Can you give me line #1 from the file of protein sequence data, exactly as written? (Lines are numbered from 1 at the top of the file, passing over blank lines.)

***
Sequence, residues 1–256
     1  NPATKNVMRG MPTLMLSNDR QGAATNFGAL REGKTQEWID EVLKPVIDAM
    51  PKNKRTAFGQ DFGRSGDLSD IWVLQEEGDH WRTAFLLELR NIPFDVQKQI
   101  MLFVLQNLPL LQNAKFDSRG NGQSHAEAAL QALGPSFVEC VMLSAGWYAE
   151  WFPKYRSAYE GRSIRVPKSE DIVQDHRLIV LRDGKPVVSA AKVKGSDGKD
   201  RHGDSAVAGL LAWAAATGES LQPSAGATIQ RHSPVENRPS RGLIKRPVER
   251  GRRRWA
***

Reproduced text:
Sequence, residues 1–256